Title: Black House
Authors: Stephen King and Peter Straub
Pubisher: Harper Collins
Publish date: 2001. This edition 2009
Genre: Epic fantasy/horror
Length: 819 pages!
Audio book: 23 hours long! (I have that, too!)
Reviewer: Sassy Brit
An epic review of an epic tale
When young Ty Marshall mysteriously disappears from French Landing, Wisconsin, USA it is soon discovered that he has become a victim of the child killer The Fisherman aka Charles Burnside. Not only that, but Ty’s mother, Judy, has mentioned that someone whispers weird things to her about the Crimson King, serving the “abbalah” and the”opopanax”. Even though the loss of her son has sent her to an asylum, her husband, Fred, believes she is not completely crazy and that she does somehow have a connection to where their son is. It doesn’t mean he understands though.
Jack Sawyer, now a retired Los Angeles homicide detective chooses to face his fears and set out to save ten year old Ty with the help of some faithful friends. And some not so nice like reporter Wendell Green, who will stop at nothing to get his story. When the Sawyer gang come across a forboding black house, it’s clear that evil is attempting to hide something beyond their control, and in an effort to find Ty they are thrown into a parallel world, a dream country, called Faraway. Judy Marshall also knows that Jack has been there before. She knows, because she too has been there before.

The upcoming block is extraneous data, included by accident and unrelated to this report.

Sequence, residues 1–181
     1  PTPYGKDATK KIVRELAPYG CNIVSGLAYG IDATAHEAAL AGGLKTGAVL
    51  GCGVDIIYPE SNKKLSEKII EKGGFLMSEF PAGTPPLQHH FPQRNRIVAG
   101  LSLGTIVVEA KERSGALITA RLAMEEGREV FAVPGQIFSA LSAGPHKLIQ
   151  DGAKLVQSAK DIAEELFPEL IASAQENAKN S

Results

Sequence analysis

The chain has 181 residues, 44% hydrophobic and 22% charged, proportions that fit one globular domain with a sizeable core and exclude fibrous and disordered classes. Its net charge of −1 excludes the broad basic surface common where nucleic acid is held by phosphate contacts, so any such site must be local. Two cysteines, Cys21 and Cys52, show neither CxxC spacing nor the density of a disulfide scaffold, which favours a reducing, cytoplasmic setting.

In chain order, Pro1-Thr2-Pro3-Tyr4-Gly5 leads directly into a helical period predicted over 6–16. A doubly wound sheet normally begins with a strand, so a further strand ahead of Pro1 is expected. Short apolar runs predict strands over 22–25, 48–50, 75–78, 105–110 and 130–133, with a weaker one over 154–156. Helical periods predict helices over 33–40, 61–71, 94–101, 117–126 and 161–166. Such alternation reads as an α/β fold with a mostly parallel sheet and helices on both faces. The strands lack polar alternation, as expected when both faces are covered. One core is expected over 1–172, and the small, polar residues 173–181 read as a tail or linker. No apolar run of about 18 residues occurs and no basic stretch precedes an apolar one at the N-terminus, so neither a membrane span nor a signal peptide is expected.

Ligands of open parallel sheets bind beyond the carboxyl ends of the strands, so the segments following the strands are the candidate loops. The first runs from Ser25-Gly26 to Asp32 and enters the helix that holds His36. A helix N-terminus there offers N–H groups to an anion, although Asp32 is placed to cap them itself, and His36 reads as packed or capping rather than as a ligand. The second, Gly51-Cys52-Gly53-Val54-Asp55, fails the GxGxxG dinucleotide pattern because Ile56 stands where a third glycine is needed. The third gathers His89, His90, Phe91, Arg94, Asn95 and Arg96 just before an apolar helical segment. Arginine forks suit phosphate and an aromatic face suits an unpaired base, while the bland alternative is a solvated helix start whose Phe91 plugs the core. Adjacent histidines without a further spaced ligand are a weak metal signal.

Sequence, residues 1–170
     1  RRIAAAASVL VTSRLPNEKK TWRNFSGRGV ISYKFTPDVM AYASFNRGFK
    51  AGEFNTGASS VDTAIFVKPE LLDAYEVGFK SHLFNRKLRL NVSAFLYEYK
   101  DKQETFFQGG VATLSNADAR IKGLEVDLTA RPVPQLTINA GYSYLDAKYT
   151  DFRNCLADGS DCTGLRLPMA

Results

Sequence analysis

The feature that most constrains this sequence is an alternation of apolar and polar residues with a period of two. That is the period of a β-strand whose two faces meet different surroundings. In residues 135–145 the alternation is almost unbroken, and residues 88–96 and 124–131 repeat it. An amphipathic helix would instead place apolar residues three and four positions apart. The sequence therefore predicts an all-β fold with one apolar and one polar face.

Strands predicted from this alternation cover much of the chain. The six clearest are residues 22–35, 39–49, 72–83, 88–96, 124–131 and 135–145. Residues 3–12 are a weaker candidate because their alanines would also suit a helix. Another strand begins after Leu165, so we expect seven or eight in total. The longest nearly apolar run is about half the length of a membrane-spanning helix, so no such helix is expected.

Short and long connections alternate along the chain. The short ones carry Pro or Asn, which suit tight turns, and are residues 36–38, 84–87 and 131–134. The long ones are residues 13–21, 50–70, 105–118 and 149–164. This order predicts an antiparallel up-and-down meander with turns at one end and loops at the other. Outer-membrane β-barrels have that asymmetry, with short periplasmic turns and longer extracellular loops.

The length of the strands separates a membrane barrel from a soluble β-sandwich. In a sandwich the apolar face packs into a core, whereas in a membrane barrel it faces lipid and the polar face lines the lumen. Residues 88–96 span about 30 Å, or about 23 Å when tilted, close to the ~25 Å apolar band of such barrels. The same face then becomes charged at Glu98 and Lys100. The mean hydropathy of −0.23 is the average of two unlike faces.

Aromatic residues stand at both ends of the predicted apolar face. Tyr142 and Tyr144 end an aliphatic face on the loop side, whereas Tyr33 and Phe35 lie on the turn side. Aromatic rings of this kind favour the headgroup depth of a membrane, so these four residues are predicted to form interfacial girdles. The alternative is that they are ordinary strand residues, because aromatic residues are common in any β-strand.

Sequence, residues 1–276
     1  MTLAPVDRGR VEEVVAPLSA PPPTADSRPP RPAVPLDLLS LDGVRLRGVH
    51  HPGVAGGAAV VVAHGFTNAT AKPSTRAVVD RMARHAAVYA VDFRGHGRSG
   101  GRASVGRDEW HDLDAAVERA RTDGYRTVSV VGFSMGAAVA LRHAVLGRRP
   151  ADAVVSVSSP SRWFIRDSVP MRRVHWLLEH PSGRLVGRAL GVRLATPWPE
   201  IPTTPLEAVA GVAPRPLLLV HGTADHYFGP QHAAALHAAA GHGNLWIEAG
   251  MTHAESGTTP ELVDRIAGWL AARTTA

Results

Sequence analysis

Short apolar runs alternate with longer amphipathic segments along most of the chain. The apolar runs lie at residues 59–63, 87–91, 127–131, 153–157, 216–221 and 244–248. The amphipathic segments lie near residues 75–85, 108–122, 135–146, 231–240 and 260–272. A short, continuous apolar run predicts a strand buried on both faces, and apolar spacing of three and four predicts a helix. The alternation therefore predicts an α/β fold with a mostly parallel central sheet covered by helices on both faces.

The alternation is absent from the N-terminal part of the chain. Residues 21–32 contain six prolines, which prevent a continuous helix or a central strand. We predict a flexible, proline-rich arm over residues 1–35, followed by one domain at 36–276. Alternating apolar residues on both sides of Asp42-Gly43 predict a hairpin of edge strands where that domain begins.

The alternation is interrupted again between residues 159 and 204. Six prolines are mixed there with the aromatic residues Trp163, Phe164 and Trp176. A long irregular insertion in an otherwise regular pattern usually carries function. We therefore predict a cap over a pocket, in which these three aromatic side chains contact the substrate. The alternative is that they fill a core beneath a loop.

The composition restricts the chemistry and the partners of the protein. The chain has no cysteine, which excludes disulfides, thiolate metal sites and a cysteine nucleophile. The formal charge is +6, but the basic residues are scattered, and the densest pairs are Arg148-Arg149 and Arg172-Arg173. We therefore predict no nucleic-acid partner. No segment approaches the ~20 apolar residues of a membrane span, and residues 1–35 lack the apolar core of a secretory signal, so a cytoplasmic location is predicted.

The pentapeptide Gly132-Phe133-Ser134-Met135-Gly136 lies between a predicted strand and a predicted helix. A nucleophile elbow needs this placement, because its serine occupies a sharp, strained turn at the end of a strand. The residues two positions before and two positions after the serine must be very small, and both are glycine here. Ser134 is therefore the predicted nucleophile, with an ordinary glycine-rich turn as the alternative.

This story is told in the present tense from the point of view of a rather witty and enthusiastic omniscient character who sees and knows all. Because of the entertaining way the story was told, this view didn’t sidetrack me, as I suspected at first it might. The narrator, I imagine to be a ghost/angel like figure, unravels an intricate tale of Black House – an epic fantasy adventure meant to be the follow up from The Talisman. Yes, the main protagonist was a grown up Jack Sawyer who starred in the previous book, and yes, the Territories, Twinners and the Crimson King were also mentioned, but it didn’t appear to be enough within all 819 pages to make this The Talisman Part II to me, so, this could easily be read as a stand alone book. This is not to say that I didn’t enjoy it. The story fits into both the fantasy and horror genre and with very specific grotesque details of blood and gore this is not a book to read while you are eating. I found that out the hard way. I enjoyed travelling with the characters as they made their way through the dream land, and it was nice to pick up on various literary references, which they dropped in. Sounded like these authors were having great fun writing this. The story finally came to a entertaining and quite sad end, in which the narrator warns us we may not like. I did. I also loved the way Stephen King and Peter Straub cleverly tied up all the loose ends, and characters we’d moved on from, reappeared with a vengeance.